The "rules" around increasing by a fixed % are a little misleading. Your injury risk doesn't increase just because you bump up mileage by 25% as long as you include rest weeks. Similarly you may injure yourself if increasing by 5% but adding 2 vo2 max sessions.
You need more quality sessions than just one long run per week and recovery runs.
I really recommend Advanced Marathoning by Pete Pfitzinger - if your finishing time is of interest.
Very good blog progman! Good luck again.
Thanks again, I'll check that book out. I like to be good at everything I do, so I am always looking for ways to maximize my performance and make the most out of time spent training.
By the way, has anybody tried using these internet VO2 calculators? They seem like they can't be very accurate.
Well, the other runs will not all be short and easy. Please note that the long run typically is at a slow pace so it can be considered easy too. Other days may have medium mileage runs but faster.
If Sunday is a 20 miler, other days can be 2-3 ten (or 12) milers alternating with easy 5-6 milers. The ten milers would obviously be faster. This assumes you are not just a marathoner but also are aiming for the 5k or 10k track/road, and a 80-100 miles per week total.
That 20+ miler helps your body in learning to metabolize fat (as against carbs) which usually will not happen until you cross the 20-mile mark.
IIRC, the sunday long run is typically 20-25% of the overall weekly mileage.
I ran a "mini" Marathon last week. Does that count?
I don't really like to run just for the sake of running. I do love to run as long as its "to" something or "from" something. I just do it to stay in shape and running the Kentucky Derby Festival mini gets me in even better shape going into the summer.
Only if you're a dwarf.
^^^^ HAHA. LOL. Nice to see some Hobbit humor here.
Well, I am kinda short. LOL 5'10" with "shoes" on. LOL Maybe if I was taller I could run a real marathon? Good one.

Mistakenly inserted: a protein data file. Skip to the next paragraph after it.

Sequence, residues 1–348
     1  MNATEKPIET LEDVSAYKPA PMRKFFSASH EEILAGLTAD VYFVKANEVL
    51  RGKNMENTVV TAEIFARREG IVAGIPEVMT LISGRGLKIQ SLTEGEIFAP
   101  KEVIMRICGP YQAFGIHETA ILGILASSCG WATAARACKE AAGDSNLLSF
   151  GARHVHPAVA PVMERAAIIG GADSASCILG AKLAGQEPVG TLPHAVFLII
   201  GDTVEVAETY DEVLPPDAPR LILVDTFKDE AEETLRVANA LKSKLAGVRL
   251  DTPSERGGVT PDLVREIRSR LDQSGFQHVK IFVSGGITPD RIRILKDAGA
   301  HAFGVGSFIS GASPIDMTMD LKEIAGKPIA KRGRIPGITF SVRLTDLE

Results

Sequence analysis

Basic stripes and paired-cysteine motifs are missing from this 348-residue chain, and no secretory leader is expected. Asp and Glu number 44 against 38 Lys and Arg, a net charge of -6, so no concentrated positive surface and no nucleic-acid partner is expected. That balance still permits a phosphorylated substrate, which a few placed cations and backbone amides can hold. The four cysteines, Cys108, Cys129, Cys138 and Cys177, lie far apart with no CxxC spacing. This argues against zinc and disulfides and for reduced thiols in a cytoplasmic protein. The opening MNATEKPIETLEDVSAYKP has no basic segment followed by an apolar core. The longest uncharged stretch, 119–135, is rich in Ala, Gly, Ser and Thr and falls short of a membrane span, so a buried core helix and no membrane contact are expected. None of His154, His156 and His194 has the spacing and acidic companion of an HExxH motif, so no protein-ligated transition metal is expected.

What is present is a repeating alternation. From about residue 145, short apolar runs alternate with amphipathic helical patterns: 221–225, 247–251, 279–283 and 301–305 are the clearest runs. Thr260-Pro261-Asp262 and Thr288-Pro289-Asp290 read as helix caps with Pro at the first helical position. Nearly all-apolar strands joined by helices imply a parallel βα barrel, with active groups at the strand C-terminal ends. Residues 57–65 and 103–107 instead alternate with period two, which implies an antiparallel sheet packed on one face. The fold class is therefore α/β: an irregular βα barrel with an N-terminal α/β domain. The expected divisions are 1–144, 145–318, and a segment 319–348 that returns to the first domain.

5'10" is a great height for marathoning - you're running out of excuses here buddy!!
How about it's too far! LOL I have plenty more excuses where that one came from too.
Congrats Paul on the 4:29. Loved the pics and posters your family made, and the tshirts of support they wore :-D
The desc of the last 10k - making friends - all supporting each other sounds wonderful -- makes me wanna do a marathon.
Did the toilet break have to do with carbo-loading by any chance ? I am told if you get it slightly early, your body starts unloading those carbs.
The pic on the side, for a mo, I thought that was Joan Benoit *******en - heard of her ???
Edit: omg, i can;t believe "s a m u e l" is banned on this forum. Must be some TW competitor.
Hey, thanks Sentinel. My chip time ended up being 4:27:26. I stuck another post on my blog this morning whining about my time :cry: . I am not sure if the toilet break was from carb loading or just general hydrating before the start (I tried not to drink for 45 minutes before the start but still needed to wash down a GU). In any case, next time I am water the lawns with everyone else instead of waiting for a port-o-john (I even saw a women do this in full view of everyone at mile 7, pretty funny). It's funny about that last 10k - I ran with a pace group for the first 3 hours that probably averaged about 50 people - we were all yucking it up, exchanging stories about each other, families, racing, etc. Having said that, the people I will really remember were the ones I talked to during the last 6 miles - you definitely bond quickly when you team up with someone else who is struggling like you are. I definitely recommend doing a 'thon if you are thinking about it, it was a great experience and won't be my last.
Yes, I know who Joan Benoit is - she did run in the Olympic Trials, oldest female to do it if I'm not mistaken - she finished quite a ways from Deena Kastor though!
Thanks for checking out the blog
I'm signed up for a fall marathon. I'm currently up to 30 miles /week.
My last marathon was a 2:47 in Oakland....that was in 1982 when I was 20 years old, weighed 135 pounds and ran 60 plus miles a week....I was sick for two weeks afterwards and I never ran another one.
I'm running my first long distance run May 18th. Bay to Breakers 12k. I'm still young but I've never been a long distance runner. I can't wait to test my body..btw i just started training lol
I knew there was another reason I didn't want to run a "full" marathon.
Congrats Paul on running your marathon.
If all you take was take a leak, then thats not from carbo-loading. I meant taking a dump - sorry for the gory details :-D
First of all, its great to hear that Joan Benoit is still running. Second, she was once a leading US marathoner and in 1984 won the Olympic Gold (iirc).
Keep up the running !
I ran a 5k several years ago, finished in the top 20%
anyone run the Bay to Breakers? i had a blast this past weekend.
Hoo boy, I've been doing HIIT for the past week, and it is considerably tougher mentally than long distance running. I've had to cut back on my distance running because my right knee was getting a bit squirrely